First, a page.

Dillard resides in Nashville, Tennessee, with his family.[20] Off the field, Dillard is known for his social media videos in which he often involves teammates.[23] In early May 2019, Twitter suspended his account for an indeterminate reason.[24]

See alsoEdit

ReferencesEdit

  1. ^ a b c "Dillard Catches on as Pitcher". MiLB.com. August 13, 2005. Retrieved December 17, 2018.
  2. ^ "15th Round of the 2001 MLB June Amateur Draft". Baseball-Reference.com. Retrieved December 17, 2018.
  3. ^ Batterson, Steve (June 14, 2008). "Q-C manager Dillard proud of son who pitches for Brewers". MiLB.com. Retrieved December 17, 2018.
  4. ^ "34th Round of the 2002 MLB June Amateur Draft". Baseball-Reference.com. Retrieved December 17, 2018.
  5. ^ a b c d e "Tim Dillard Stats". Baseball-Reference.com. Retrieved December 17, 2018.
  6. ^ a b c d e f g h i j k "Tim Dillard Minor, Fall, Independent & Winter Leagues Statistics & History". Baseball-Reference.com. Retrieved December 17, 2018.
  7. ^ "2004 Beloit Snappers Statistics". Baseball-Reference.com. Retrieved December 17, 2018.
  8. ^ a b "2005 Florida State Pitching Leaders". Baseball-Reference.com. Retrieved December 17, 2018.
  9. ^ a b c d e f g h i j "Tim Dillard Stats, Highlights, Bio". MiLB.com. Retrieved December 17, 2018.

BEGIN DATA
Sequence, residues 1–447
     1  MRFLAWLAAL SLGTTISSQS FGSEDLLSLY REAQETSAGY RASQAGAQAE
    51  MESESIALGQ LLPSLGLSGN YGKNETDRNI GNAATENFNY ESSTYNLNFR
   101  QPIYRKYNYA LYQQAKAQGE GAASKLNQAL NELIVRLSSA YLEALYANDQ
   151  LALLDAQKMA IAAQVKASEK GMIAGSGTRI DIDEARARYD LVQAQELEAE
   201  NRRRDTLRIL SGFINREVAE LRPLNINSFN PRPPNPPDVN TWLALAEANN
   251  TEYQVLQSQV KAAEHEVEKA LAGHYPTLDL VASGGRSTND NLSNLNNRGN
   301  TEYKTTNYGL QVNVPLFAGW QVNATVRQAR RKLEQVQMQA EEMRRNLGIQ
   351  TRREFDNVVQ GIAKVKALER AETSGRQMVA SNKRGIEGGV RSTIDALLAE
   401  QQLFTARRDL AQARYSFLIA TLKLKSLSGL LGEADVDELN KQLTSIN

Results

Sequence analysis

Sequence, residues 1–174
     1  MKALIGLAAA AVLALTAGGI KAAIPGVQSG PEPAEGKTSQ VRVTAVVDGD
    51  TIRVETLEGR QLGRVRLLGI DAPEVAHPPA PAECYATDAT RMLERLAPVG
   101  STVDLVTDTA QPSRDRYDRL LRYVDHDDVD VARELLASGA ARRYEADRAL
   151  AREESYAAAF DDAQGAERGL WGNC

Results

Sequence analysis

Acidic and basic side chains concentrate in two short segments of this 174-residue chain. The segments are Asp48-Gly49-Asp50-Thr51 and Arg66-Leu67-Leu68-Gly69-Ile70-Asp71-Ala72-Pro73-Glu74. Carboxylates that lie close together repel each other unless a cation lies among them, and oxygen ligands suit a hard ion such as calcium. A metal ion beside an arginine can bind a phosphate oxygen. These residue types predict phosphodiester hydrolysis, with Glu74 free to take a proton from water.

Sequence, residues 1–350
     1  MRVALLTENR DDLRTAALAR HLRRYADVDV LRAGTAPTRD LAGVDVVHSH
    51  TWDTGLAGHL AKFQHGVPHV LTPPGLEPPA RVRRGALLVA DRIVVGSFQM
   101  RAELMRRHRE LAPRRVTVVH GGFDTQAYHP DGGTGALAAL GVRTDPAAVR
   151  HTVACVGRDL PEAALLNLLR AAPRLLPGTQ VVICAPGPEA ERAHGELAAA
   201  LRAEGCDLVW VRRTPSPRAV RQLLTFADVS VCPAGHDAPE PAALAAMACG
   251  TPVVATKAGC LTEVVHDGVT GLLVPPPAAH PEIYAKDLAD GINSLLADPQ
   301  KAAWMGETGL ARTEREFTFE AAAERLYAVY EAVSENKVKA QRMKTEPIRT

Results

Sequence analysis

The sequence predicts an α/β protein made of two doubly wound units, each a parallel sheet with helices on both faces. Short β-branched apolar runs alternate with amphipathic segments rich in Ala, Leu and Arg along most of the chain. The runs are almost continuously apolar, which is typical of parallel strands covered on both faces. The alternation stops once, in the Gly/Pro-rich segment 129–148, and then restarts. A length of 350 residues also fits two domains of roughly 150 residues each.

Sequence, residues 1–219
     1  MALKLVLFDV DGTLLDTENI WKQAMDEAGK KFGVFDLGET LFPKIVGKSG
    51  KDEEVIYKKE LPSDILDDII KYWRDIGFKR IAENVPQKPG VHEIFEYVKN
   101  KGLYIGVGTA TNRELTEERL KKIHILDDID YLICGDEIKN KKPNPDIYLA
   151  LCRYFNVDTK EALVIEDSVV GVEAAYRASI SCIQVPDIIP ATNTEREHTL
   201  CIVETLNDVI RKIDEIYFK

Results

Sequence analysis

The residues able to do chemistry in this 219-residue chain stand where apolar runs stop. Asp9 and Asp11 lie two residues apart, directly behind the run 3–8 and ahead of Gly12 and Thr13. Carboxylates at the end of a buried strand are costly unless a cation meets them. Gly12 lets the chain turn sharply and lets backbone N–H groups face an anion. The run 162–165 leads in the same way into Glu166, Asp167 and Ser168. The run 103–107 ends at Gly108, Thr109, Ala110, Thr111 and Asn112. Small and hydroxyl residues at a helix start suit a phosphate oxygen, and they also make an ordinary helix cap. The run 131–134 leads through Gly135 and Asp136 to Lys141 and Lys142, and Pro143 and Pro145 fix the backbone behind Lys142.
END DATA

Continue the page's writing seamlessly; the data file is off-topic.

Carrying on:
10. ^ "Cruz named Brewers' MiLB POY". MiLB.com. September 22, 2005. Retrieved December 17, 2018.
  11. ^ a b "2006 Huntsville Stars Statistics". Baseball-Reference.com. Retrieved December 17, 2018.
  12. ^ "Milwaukee Brewers at Washington Nationals Box Score, May 23, 2008". Baseball-Reference.com. Retrieved December 17, 2018.
  13. ^ "Tim Dillard 2008 Pitching Game Logs". Baseball-Reference.com. Retrieved December 17, 2018.
  14. ^ "Tim Dillard 2009 Pitching Game Logs". Baseball-Reference.com. Retrieved December 17, 2018.
  15. ^ a b "Top Ten Career Leaders". Nashville Sounds. Minor League Baseball. Retrieved December 17, 2018.
  16. ^ McCalvy, Adam (December 12, 2016). "Pitcher, part-time comedian Dillard returns". MLB.com. Retrieved December 18, 2016.
  17. ^ Eddy, Matt (November 6, 2018). "Minor League Free Agents 2018". Baseball America. Retrieved November 12, 2018.
  18. ^ "Rangers sign pitchers Matt Bush, Zac Curtis, and Tim Dillard, along with infielder Chase d'Arnaud, to Minor League contracts". MLB.com. December 17, 2018. Retrieved December 17, 2018.
  19. ^ Boclair, David (March 27, 2019). "A One-Time Mainstay Returns to Sounds' Roster". Nashville Post. Retrieved March 30, 2019.
  20. ^ a b Haudricourt, Tom (December 17, 2018). "Tim Dillard, who became cult hero to Brewers fans on and off the field, signs with Texas". JSOnline.com. Retrieved December 17, 2018.
  21. ^ "Tim Dillard Minor League Statistics and History". Baseball-Reference. Sports Reference. Retrieved July 8, 2019.
  22. ^ Matt Eddy (November 7, 2019). "Minor League Free Agents 2019". Baseball America. Retrieved November 7, 2019.
  23. ^ "A Chat With The Master Dubsmasher". Colorado Springs Sky Sox Official Team Blog. April 27, 2016. Retrieved July 30, 2017.
  24. ^ "#FreeDilly: Why Did Twitter Duspend Nashville Sounds' Tim Dillard's Account?". The Tennessean. Nashville. May 14, 2019. Retrieved May 14, 2019.

External linksEdit